Frankenstein Big Screen
About one quarter way through the movie, where Dr. Pretorius reveals his jarred homunculi my girlfriend poked me in the ribs and whispered “Barry… This is really weird.” The Bride of Frankenstein (1935) is weird. It’s wonderful and it defies description. There really isn’t a movie quite like it anywhere and it is even better on the big screen. DOP John Mescall’s closeup, shallow depth of field cinematography reveals Jack Pierce’s masterful makeup, and for the first time in my life I got a good look at the monster.
This past Wednesday I was fortunate to watch TCM/Fathom Event’s double bill big screen showing of Frankenstein (1931) and The Bride of Frankenstein (1935). I went with 4 friends who had never seen either films. They loved Pretorius (“…he was awesome…”) and the cigar chomping wine-drinking monster. There’s so much to see in these movies.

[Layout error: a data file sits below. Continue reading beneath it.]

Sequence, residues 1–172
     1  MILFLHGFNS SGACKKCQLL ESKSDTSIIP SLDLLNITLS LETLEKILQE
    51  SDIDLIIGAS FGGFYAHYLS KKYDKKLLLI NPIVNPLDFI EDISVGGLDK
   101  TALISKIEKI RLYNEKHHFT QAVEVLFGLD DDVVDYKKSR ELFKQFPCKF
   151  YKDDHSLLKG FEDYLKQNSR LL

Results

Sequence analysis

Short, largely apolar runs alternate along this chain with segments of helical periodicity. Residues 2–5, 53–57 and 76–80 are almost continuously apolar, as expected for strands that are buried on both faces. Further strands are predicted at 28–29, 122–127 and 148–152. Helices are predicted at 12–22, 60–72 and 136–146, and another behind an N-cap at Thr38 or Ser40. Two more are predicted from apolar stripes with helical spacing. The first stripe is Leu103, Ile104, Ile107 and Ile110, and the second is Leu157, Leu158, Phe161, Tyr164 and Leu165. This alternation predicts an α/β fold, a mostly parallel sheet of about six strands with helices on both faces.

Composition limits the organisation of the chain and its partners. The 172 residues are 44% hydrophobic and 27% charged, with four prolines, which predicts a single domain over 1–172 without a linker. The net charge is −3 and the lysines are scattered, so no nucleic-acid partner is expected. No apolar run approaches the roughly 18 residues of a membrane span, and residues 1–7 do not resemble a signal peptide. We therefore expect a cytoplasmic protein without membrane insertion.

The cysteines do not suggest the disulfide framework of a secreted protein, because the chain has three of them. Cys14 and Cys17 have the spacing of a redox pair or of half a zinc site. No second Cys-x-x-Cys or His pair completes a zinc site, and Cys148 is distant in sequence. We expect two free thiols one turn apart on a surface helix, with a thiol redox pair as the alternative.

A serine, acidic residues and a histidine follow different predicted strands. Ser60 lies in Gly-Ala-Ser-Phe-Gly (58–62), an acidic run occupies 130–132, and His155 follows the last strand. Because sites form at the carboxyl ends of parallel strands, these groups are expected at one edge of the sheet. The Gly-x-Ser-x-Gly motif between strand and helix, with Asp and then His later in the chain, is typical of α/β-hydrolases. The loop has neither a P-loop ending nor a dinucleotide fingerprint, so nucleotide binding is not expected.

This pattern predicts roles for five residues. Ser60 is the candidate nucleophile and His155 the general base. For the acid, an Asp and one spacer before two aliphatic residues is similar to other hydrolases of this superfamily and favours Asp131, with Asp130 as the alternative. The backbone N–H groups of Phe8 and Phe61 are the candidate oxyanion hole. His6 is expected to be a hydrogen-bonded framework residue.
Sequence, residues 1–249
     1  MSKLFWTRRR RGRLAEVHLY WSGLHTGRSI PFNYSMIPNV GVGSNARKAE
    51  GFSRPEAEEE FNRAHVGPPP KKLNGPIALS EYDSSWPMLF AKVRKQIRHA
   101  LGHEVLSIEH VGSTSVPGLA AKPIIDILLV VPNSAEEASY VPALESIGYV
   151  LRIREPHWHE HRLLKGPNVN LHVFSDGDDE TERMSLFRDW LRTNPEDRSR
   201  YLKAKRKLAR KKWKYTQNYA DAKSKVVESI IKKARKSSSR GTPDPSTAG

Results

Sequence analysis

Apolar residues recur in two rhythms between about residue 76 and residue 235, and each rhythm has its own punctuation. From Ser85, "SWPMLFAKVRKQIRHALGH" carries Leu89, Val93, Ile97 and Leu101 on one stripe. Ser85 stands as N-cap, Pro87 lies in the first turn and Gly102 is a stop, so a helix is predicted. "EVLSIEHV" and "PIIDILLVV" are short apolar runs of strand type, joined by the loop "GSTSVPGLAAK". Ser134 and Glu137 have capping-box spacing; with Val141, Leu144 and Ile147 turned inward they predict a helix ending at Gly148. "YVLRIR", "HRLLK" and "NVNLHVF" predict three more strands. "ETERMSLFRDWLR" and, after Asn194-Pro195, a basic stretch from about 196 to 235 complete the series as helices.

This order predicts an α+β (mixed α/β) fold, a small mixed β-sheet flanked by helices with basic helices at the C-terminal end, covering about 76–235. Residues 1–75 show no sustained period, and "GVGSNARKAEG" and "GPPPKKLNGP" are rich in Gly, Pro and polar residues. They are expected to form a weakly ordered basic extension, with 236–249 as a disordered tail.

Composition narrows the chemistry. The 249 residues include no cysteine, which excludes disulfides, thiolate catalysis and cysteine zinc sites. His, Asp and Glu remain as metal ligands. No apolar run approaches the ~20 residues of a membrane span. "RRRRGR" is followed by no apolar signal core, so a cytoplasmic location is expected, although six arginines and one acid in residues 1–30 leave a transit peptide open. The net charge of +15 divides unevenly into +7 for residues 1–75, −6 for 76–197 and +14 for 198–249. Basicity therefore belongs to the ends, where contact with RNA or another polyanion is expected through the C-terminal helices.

In Frankenstein, I had never noticed the flat metal plate on the monster’s left forearm. You see in full detail the monster crying (“we belong dead”) and Thesiger’s angular nose and pruney reticulated face. I wonder if he would’ve received a best supporting actor academy award if the category existed in 1935? One year later Walter Brennen would receive the first Oscar for the category.
I’ve been fortunate to see films like The Wizard of Oz, King Kong, Casablanca and Forbidden Planet on the big screen. These are special memories. Good job TCM on the Franky double bill!